Black Swan choreographer (and Natalie Portman’s hot piece of a husband) Benjamin Millepied is the guest judge this week, as the Top 10 split up to dance with the All-Stars. What normally is an exciting chance for the dancers to blend their styles with more polished performers this season threatens to be an exercise in more charismatic dancers whom we love more (Twitch! Alison! Alex!) eclipsing this season’s dull (if talented) roster. But let’s see how they did:
Tiffany draws disco with Brandon Bryant, and between the kinetic energy of the style and the glitziness of the costumes, she impresses. Witney teams up with the Shaping Sound duo of Travis (choreographer) and Nick Lazzarini (partner) on a jazz routine about sexy ghosts. It’s a good pairing, and she managed to deliver the sex appeal that appeared to be the main objective. Cole gets blown off the stage by Anya Garnis with a Dmitry-choreographed cha-cha, and despite the fact that he actually begs for a ticket to the Hot Tamale Train, Mary found too many flaws in the footwork to give it to him, making me fall in love with Mary all the more.
Lindsay draws by darling Jakob Karr as a partner for Broadway, which only makes me hate her all the more. Good luck getting me to look at anything else on stage when Jakob is doing his thing, but the judges do what they always do, which is pat Lindsay on the head and tell her she’s a wonderful little princess. Mary even hands her Cole’s ticket on the Hot Tamale Train. Will gets Bollywood with Kathryn McCormick, which is pretty much just good news all around. Will delivers the face-pullingest Bollywood ever, and kind of a sloppy one at that, not that the judges recognize it, and more importantly not like the voters will punish him for it, as Will is basically a taller, fleshier Kent Boyd at this point.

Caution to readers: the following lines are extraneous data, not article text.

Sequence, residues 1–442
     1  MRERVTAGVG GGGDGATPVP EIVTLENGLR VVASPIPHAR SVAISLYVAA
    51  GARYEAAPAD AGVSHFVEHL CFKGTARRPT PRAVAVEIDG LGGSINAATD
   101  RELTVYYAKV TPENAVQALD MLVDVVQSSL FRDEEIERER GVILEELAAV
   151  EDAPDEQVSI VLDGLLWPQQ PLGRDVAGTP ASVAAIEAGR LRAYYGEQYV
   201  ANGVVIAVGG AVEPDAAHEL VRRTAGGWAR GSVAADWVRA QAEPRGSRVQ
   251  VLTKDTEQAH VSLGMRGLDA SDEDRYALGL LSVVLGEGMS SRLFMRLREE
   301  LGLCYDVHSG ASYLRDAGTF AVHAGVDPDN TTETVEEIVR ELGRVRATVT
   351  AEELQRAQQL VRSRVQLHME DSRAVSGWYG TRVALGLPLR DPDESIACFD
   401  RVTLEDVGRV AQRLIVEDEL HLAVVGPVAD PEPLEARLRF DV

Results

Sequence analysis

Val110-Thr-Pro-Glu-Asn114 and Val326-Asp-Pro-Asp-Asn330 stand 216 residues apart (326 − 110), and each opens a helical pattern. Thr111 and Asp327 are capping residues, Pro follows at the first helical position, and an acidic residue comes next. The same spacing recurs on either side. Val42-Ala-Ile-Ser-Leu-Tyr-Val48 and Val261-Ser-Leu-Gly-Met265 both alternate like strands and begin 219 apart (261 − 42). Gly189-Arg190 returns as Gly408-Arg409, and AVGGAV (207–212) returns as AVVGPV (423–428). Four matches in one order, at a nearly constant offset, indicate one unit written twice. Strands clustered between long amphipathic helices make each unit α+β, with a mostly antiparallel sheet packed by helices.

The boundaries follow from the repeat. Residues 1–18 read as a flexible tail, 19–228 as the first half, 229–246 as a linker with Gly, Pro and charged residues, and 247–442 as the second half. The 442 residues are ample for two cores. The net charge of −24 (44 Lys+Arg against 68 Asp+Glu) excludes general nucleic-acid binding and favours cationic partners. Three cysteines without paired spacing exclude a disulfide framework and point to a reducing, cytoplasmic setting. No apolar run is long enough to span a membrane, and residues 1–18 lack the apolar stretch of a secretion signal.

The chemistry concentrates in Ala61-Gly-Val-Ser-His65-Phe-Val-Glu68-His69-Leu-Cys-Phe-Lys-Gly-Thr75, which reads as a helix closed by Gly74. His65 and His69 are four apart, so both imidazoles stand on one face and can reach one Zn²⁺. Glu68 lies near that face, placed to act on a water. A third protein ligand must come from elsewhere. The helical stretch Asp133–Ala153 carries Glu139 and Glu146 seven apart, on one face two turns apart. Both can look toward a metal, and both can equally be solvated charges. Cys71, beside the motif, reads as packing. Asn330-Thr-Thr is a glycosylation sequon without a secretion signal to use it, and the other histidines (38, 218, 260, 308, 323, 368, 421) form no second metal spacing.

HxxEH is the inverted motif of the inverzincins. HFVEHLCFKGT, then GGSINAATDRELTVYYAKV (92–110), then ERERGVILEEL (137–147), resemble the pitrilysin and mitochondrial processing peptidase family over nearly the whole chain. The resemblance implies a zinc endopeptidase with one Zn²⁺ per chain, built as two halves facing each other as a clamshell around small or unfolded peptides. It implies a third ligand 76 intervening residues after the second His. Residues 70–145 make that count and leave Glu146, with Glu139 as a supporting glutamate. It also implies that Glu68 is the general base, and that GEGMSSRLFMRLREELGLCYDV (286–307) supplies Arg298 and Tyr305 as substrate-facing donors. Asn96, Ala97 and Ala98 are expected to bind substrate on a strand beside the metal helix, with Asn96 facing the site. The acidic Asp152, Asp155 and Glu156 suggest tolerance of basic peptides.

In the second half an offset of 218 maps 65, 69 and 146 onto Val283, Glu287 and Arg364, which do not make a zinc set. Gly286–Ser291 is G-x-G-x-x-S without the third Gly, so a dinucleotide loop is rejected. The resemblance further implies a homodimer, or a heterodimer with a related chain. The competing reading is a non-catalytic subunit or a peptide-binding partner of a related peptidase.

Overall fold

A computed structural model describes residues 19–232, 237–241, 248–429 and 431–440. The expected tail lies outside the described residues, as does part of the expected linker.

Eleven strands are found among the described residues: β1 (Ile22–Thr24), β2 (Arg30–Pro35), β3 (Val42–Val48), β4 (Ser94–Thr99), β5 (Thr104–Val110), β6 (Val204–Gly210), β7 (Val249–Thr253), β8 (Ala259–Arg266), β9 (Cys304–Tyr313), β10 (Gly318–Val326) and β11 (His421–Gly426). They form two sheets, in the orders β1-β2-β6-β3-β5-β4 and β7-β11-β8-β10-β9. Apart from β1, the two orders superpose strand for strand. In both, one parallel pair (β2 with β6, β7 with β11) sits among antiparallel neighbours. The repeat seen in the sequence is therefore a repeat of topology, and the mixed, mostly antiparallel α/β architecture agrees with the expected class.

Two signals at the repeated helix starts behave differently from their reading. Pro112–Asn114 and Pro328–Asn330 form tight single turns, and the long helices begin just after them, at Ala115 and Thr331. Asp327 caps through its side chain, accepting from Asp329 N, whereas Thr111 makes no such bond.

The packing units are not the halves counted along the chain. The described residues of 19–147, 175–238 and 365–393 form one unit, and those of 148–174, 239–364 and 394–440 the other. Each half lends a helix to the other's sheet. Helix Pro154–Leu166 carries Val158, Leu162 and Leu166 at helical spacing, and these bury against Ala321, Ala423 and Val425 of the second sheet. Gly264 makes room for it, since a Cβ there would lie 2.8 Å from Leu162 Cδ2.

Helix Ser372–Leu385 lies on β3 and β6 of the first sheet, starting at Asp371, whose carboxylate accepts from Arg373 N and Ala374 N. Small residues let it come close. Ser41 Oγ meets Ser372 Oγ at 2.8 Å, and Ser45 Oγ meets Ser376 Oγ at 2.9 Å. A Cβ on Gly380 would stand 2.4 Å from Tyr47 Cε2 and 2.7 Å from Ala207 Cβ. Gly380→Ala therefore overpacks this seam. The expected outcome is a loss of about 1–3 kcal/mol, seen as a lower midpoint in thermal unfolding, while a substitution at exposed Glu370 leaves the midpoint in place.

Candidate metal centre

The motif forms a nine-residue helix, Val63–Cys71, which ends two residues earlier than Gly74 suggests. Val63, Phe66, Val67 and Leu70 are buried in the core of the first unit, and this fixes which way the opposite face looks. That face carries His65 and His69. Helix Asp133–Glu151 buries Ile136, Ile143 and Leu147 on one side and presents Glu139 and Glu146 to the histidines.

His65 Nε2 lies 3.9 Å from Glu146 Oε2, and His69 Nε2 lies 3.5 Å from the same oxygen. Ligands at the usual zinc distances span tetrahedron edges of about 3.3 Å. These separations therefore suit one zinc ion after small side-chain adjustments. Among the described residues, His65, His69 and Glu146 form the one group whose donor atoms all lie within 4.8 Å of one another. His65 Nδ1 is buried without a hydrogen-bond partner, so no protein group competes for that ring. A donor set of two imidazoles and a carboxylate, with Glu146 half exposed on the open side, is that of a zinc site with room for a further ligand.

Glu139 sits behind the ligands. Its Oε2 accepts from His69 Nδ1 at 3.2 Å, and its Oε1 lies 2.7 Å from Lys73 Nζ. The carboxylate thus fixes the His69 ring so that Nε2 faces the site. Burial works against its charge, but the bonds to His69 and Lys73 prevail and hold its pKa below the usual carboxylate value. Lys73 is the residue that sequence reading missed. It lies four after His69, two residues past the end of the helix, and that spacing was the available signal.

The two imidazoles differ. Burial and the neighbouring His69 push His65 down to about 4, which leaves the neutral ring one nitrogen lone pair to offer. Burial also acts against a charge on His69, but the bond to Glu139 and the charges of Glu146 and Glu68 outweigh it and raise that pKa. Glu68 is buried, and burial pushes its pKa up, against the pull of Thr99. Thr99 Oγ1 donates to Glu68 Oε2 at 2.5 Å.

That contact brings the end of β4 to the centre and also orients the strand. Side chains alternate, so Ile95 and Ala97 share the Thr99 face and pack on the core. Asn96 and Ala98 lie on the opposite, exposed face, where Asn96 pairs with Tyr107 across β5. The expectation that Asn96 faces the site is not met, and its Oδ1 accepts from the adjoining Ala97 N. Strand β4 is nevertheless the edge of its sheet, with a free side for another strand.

Cyrus is the beneficiary of the night’s best choreography (Travis), best partnering (Jamie Goodwin), and best music (M83), but he holds up under the glare and gets raves from the judges, even if he mostly just holds up Jamie while she explodes on stage. Chehon draws a Dave Scott hip-hop with Lauren Gottlieb, and while he never shakes the ballet-dancer-trying-hip-hop thing, the end result is enjoyably strange and compelling. George gets to partner with Allison (yay!) on a Tyce Diorio jazz (boo!), and they’re flawless, despite Nigel’s prissy bitching about George not connecting on stage (which, in light of the results, seems like ass-covering more than anything else).